Shakespeare Versus The Goblins : A Review of “Will Power”

A funny thing happened on the way to this review.  I got email from Tor books, who are known in the scifi/fantasy world.  So I thought it was a press release and didn’t really pay attention – until I noticed that Shakespeare was mentioned.  Then I realized it wasn’t a mass mailing, it was addressed directly to me at my Shakespeare Geek address. Turns out that this particular book was written by a Shakespeare professor and they thought I might like  a review copy. Sure! Will Power is the second in a series from author A.J. Hartley, Distinguished Professor of Shakespeare at the University of North Carolina. I felt a little weird jumping into the series in the middle, but really if you think about the fantasy genre the odds are against you on that one (for any N book series, you’ve got an N-1 out of N chance of finding a book other than book 1). This book tells the continuing story of our merry band of adventurers, including one Will Hawthorne, playwright.  You know the type – generally cowardly sort who only came along to hang out on the sidelines and partake of the treasure, and maybe some beer and wenches.  And, naturally, he’s the one who inevitably saves his stronger and braver friends when they get into trouble.  In Will Power, it doesn’t take long before the group is mysteriously transported into a strange new land, and split up in the process.  They soon find themselves unwelcome guests right in the middle of a war between the Fair Folk and the Goblins.  But is all as it seems?  His companions Orgos and Mithos have been captured by goblins, Renthrette and Garnet have joined the Fair Folk, Lisha is lost somewhere, and something just doesn’t feel right to Hawthorne. What happens next?  There are enough twists and turns and clever devices that I can honestly say I didn’t predict where the story would go.   The story ends on a satisfactory note while simultaneously opening up a door for the next book in the series.  This author knows how to write fantasy. 🙂 What about the Shakespeare, you’re asking?  Me too.  There’s a funny scene early on when Hawthorne stumbles across what he thinks is a tavern, and introduces himself by reciting something of a mini-ballad … in iambic pentameter.  Not bad. Later, while roaming around the city of the Fair Folk, we learn that they have a library, and that library has a drama section.  Hawthorne makes a beeline for this literary oasis, breaking down doors (seriously) to get to it.  I think some of the literature geeks in the audience can appreciate what that feels like.  There may be a goblin war raging outside the city walls, but if you need me I’ll be curled up with a good book. There are also plenty of opportunities to do the whole “act like somebody you’re not” thing for our hero.  He has to act like he knows what he’s doing half the time, after all.  But none of that is really Shakespeare.  Nobody “puts on a show.” The press release suggests “a magical world which very closely resembles that of the Elizabethan Era,” and I’m wondering if that was a comment from the first book.  Because other than starting the book out in a tavern and making regular comments about the poor quality of the beer, I can’t really see where the Elizabethan thing comes in.  Oh, well, I take that back – the city of the Fair Folk is populated with courtiers who spend their days drenching each other in over-the-top metaphor (“My Lord, embers and smoldering leaves produce a smoke most bitter and unwholesome to the senses, yet the heat from whence it rises is but a poor and mean thing at which one might not even warm one’s hands. The heart of a furnace burns pure and hot, consuming all and leaving little there to smoke withal. So my love for Johanna, like the core of the forge, blazes with white, undying passion, while yours for Beatrice, I fear, so cool and, doused with overlong laments, smokes merely.”)  I always thought this behavior was more Victorian than Elizabethan, but I’m not a history buff.  What it reminded me of was a Monty Python version of Oscar Wilde.  It did not go unnoticed, either, that the author drops in names like Beatrice as necessary – one of the others tells the story of a young lady enamored with a certain young shepard named Corin, as well.  Both are direct, if insubstantial, Shakespeare references.   Will Power was an entertaining fantasy book.  I may have started out assuming that it was going to fit the standard form where the ‘weakling’ in an otherwise stalwart band of adventurers eventually turns out to save the day, but in the end there was enough originality that I was impressed with how it all went down.  I would have liked more Shakespeare, but that’s not a fair measure – I always want more Shakespeare, up to the point where it *is* Shakespeare. :)  I’ll be curious to see how the third book goes, and how much Shakespeare comes into it.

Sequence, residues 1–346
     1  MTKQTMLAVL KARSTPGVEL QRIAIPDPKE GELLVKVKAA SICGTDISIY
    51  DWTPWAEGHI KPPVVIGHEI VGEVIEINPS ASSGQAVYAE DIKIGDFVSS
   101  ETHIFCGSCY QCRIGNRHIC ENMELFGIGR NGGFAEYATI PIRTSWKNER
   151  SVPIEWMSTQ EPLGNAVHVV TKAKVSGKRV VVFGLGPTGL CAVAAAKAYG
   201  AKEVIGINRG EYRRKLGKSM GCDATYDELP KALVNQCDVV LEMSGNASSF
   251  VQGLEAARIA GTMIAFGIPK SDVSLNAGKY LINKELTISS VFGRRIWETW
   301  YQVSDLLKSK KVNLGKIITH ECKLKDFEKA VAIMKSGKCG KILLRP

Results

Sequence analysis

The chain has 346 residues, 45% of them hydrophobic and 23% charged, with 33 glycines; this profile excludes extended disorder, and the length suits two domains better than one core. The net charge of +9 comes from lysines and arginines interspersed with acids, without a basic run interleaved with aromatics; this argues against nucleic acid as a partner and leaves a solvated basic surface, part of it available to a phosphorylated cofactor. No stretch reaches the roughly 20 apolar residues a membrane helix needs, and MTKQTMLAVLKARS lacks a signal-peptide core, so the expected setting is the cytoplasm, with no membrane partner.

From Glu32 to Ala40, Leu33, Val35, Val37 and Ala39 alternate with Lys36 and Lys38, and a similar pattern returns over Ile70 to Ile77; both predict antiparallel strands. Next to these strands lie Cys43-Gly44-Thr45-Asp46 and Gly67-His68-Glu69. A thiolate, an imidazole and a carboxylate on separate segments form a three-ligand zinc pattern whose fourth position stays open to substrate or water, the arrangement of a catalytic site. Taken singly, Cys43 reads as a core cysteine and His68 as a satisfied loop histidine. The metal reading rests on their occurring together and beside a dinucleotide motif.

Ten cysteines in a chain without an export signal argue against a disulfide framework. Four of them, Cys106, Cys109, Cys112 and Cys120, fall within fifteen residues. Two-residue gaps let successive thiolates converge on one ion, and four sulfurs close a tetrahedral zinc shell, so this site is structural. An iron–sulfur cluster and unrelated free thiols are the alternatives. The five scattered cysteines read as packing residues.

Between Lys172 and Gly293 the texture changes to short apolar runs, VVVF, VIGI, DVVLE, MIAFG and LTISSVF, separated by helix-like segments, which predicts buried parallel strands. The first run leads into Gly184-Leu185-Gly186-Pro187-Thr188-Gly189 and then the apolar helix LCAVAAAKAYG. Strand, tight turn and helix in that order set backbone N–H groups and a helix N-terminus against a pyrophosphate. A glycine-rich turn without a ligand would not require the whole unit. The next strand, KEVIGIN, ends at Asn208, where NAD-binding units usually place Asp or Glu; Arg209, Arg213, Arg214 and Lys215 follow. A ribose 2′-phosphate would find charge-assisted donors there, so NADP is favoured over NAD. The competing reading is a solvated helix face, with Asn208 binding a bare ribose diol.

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One thought on “Shakespeare Versus The Goblins : A Review of “Will Power”

  1. I reviewed Hartley's book "What Time Devours" a while back on shakespeareplace. –Got no comments, so I guess nobody was very much excited by it BUT–
    If you're looking for Shakespeare references per se, that's the book. It's a mystery, though, not a fantasy.

    As far as "jumping in" goes, I read "Will Power" first and then went back to read "Act of Will", book #1, before publishing a review of "Will Power" (which I'll do shortly). Although "Will Power" is billed as a stand alone, which it's certainly capable of doing as a fantasy novel, reading the first installment did furnish the background and help to flesh things out a little better for me as far as character analysis is concerned, even though I read it in reverse order.
    Will Hawthorne, we find out, is an Elizabethan-style-time-frame-like actor, who is almost ready to graduate from playing all the "girl parts", when his life suddenly takes a turn.
    "Will Power" suffers little though, without having read the first in the series. I like and recommend them both. Hartley's rhythms and pacing as a writer are fantastic . And in my opinion, he mixes Gothic/Medieval and Elizabethan/Jacobean "architecture", so to speak, with impunity.